Friday, May 13, 2011
Tuesday, May 3, 2011
Monday, May 2, 2011
Things, unfortunately, do not always go according to plan. Although, in this case, it is probably for the best as the time elapsed has allowed for better tools to emerge to simplify this process.
Anyway, I am happy to announce that this past weekend, I released the code to the CandyWrapper project. It is a C# class library, originally created with VisualStudio 2008. Over the next few weeks, I plan on adding other files to the project, including a small test application and the source code for the installer.
You can download the source code from GitHub, by visiting the following link:
I ask for your patience (and any tips) with regards to my usage of GitHub, as it is a new tool to me. Likewise, given that fact, it is unlikely I will be able to assist you with any problems you might experience using it.
I hope you find this contribution of assistance to your work.
Thursday, April 14, 2011
Tuesday, April 12, 2011
Friday, April 8, 2011
Wednesday, January 26, 2011
Suppose one needs to add some log messages to SugarCRM in order to trace a problem -- not uncommon when writing custom code such as that found in logic hooks.
How do we go about adding custom log messages so we can see what is going on?
It is actually fairly easy and only requires one line of code:
$GLOBALS['log']->fatal('My custom debug message');
There are two important items to note about this bit of code.
First, the word fatal actually refers to the logging level. SugarCRM allows you to select from various levels, including info, fatal and debug (the most verbose). The level can be defined by an admin level user by simply selecting Admin > System Settings and modifying the logging level at the bottom of the screen. Your custom message will print out only if the selected level within System Settings screen matches the level you use within this line of code.
Next, in this example, the text My custom debug message is all that would be printed by the logging engine. It is basically a string of your liking, which can include references to variables -- either your own or those created by SugarCRM (such as $bean->id).
Consequently, log messages (custom or otherwise) are written to a file named sugarcrm.log which you can find in the root install directory of your SugarCRM instance. If you prefer a different name for your log file, change it via the earlier referenced Systems Settings screen.
Lastly, if you are using a hosted instance, you may not have access to the root directory corresponding to your install. To circumvent that and access your log file, select Admin > Diagnostics.
Thursday, January 6, 2011
According to the stats for this blog, logic hooks are a popular subject amongst visitors. As such, I figure the topic would be a great way to kick off an idea of mine that I have been tossing around for a bit.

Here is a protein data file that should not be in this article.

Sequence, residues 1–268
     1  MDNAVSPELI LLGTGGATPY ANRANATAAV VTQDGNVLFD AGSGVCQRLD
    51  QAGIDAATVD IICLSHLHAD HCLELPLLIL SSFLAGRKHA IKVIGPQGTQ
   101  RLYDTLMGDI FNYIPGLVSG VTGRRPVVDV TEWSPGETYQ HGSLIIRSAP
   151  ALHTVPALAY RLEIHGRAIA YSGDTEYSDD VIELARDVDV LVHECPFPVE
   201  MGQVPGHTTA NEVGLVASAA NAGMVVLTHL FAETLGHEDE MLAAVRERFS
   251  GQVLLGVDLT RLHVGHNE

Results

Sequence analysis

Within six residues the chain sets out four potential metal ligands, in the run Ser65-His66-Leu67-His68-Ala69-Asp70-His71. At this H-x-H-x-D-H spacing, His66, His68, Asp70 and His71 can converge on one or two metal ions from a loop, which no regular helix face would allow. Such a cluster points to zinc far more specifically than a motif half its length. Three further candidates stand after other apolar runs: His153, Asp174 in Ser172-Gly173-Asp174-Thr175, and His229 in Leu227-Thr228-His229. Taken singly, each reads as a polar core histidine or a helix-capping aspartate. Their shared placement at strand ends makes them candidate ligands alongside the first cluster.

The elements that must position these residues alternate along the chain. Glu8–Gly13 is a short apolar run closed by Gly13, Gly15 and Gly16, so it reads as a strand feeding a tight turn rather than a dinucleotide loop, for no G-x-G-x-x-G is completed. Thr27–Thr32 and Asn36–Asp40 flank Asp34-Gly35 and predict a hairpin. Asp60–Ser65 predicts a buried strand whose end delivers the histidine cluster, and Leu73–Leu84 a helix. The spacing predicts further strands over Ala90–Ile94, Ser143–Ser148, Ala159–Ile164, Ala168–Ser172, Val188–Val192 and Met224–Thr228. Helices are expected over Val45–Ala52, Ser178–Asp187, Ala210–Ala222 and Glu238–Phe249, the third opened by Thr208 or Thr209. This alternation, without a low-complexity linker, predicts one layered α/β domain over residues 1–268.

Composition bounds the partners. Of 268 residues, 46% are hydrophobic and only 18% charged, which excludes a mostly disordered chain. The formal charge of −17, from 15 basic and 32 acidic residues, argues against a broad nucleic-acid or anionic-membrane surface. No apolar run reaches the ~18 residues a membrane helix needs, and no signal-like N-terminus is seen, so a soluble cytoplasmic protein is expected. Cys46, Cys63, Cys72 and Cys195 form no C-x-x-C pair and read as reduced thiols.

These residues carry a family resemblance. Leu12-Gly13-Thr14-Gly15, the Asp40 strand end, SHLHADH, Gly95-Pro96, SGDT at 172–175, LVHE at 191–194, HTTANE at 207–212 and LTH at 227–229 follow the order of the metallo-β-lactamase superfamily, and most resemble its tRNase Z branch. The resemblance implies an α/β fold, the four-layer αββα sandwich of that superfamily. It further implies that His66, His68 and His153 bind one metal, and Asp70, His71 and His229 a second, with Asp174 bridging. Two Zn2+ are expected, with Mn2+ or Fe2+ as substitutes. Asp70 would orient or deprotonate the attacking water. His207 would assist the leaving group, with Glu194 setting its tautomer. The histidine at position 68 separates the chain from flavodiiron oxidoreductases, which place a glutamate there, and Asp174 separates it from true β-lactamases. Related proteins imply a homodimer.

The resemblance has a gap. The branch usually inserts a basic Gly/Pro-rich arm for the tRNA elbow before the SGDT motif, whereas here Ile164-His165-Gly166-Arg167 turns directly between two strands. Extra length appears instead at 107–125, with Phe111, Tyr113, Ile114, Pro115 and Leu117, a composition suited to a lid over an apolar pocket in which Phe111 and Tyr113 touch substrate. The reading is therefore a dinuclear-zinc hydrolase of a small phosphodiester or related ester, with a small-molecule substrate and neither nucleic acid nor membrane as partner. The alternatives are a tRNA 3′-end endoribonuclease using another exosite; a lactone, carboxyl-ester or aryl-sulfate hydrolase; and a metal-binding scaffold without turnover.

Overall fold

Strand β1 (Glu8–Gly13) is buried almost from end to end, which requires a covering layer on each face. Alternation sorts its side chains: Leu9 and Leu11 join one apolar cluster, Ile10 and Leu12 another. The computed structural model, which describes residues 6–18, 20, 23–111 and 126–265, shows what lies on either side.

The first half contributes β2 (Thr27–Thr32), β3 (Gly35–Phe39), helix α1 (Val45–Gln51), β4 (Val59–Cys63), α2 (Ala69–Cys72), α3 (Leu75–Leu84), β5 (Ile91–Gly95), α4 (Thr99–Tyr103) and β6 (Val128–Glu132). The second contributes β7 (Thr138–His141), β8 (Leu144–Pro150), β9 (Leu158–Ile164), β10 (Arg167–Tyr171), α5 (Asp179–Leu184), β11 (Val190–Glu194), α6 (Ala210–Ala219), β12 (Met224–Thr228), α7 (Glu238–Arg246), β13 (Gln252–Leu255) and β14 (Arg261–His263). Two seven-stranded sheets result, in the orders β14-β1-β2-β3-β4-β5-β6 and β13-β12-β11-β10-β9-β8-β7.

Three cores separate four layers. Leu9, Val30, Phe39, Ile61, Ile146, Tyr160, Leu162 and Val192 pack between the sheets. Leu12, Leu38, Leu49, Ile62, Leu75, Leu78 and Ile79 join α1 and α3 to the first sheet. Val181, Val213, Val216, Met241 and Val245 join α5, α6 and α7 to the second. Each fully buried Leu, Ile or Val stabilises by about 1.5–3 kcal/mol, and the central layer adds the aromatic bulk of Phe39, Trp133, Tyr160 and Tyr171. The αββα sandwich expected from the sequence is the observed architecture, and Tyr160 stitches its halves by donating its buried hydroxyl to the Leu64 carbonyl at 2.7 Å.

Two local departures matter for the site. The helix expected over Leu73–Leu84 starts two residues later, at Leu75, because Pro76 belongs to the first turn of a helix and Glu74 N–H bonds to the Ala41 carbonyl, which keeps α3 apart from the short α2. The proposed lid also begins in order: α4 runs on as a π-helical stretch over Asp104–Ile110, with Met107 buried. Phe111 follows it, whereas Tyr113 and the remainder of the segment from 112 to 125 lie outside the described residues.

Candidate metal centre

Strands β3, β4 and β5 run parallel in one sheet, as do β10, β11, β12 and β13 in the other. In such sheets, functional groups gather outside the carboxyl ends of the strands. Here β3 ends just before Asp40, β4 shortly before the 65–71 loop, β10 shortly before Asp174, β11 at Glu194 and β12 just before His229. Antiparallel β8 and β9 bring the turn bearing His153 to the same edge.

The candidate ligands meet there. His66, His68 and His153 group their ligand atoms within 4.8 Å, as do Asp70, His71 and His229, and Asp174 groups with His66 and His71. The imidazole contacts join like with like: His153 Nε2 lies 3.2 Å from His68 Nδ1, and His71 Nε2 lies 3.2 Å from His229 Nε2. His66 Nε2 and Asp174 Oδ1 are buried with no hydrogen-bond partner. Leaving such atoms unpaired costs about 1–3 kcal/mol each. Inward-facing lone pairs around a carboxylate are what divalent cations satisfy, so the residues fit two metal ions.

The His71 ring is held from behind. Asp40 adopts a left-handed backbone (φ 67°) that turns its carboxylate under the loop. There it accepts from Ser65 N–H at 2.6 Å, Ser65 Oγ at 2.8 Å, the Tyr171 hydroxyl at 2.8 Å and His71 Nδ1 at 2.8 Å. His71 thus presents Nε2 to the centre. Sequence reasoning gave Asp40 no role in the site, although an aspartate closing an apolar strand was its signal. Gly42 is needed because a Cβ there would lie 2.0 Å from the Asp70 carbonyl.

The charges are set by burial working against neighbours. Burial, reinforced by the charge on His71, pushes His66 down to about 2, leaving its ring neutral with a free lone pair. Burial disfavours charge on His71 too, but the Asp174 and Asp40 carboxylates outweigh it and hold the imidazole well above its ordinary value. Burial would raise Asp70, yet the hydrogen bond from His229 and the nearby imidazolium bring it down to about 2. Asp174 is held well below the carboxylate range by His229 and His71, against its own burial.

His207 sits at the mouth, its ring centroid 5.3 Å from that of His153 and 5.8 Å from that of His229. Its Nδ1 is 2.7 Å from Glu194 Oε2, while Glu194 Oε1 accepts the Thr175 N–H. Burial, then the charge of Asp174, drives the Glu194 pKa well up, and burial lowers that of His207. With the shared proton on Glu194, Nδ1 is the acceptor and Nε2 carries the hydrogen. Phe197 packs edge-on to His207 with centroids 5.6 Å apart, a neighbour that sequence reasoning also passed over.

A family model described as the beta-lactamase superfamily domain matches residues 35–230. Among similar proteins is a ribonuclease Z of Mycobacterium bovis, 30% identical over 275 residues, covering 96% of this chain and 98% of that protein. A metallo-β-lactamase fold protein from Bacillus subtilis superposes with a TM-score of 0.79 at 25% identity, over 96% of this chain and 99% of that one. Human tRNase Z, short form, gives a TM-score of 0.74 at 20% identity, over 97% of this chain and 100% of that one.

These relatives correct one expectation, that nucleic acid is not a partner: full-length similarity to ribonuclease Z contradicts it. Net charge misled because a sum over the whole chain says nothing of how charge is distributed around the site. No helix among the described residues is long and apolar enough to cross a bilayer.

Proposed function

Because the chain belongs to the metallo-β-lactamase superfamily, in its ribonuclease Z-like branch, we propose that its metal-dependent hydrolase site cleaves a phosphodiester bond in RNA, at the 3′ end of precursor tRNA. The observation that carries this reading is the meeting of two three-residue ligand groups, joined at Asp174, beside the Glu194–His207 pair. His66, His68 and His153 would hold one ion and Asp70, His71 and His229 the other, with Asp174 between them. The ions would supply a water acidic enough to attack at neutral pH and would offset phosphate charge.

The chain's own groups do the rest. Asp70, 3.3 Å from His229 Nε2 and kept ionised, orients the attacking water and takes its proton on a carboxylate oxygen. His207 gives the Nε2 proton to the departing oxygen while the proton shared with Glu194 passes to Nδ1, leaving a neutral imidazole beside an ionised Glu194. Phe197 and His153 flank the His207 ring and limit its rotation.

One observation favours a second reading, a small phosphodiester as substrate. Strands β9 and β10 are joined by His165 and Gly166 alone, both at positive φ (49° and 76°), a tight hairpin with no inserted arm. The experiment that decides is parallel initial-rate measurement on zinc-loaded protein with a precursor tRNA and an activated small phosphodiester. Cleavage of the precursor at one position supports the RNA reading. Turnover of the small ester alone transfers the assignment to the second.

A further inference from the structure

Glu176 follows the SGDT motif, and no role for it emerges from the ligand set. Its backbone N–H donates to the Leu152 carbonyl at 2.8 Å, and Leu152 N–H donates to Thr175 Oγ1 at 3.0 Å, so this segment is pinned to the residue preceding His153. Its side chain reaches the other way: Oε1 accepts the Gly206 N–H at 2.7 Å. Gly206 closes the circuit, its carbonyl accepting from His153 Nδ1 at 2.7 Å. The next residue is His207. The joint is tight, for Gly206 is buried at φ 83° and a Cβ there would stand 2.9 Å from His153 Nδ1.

Going forward, I will select a topic of interest, or theme, on a monthly basis. The objective: to discuss the topic at hand in further depth throughout the month, with other posts sprinkled in between for variety.
However, this idea can only work with your assistance.
To help, simply reply to the post announcing the month's topic (e.g. this post) and suggest a facet of said topic for discussion. For example, perhaps you have been wanting to build a logic hook to execute an SQL query, but are unsure about how to get started. Simply share your scenario within the comments area.
In turn, I will select one of the suggestions on a weekly basis and provide a detailed post discussing the process involved in addressing the issue.
Now, while all suggestions are welcome, there are some rules to consider:
1. For obvious reasons, I cannot create a detailed post for every suggestion, but if time permits, I will tackle more than 1 per week.
2. Please be as clear as possible in your description of your scenario. If the description is not clear, I will not consider it.
3. Do not post sample code or the like. A clear description of the goal will suffice.
4. Some scenarios may require very specific configurations, such as custom modules, etc. I will not be able to create mirror environments for all cases, but my response will include sufficient guidance to fulfill the vast majority (if not all) of your goal.
5. Suggestions on themes for upcoming months are welcome and highly encouraged.
Thanks and now lets have the suggestions relating to logic hooks (in the comments section)!
Wednesday, January 5, 2011
A good example of this came up just a few days ago on the SugarCRM Forums when a user asked if it was possible to change the starting point for the numbering sequence on Cases. By default, SugarCRM begins at the number 1 and automatically increments it by 1 whenever a new Case is added. However, many users would prefer it to start at a different number.
So, how does one change the start point?
It is actually rather simple and requires two things: access to a MySQL administrative tool such as SQLyog, phpMyAdmin, etc. and a single SQL command.
Assuming you already have access to the administrative tool, executing the following command would do the trick for you:
ALTER TABLE cases AUTO_INCREMENT = nnn;
Where nnn represents the starting number you wish to apply. For example, to set the starting point to 1000, use the following command:
ALTER TABLE cases AUTO_INCREMENT = 1000;
That is it! Quick and easy!
Monday, January 3, 2011
No problem. Simply go to the customization Studio and add a new field of type "Drop Down," making sure to assign or create the appropriate drop down list at field creation time.
Simple enough, but that only works for custom fields. What about changing an existing, default field so as to make it behave like a drop down. For example, we might want to change the Subject field for Cases or the Name field for Opportunities into drop downs.
Doing so would help us ensure uniformity in the classification of support inquiries or revenue opportunities, which in turn improves data quality and simplifies the measurement of effectiveness. Ultimately, one of the goals of CRM technologies is to simplify the process of measuring how well your business is doing and the quality of the data in the system has a significant impact on that function.
So, how do we convert these default text fields to drop down fields? Lets take a look.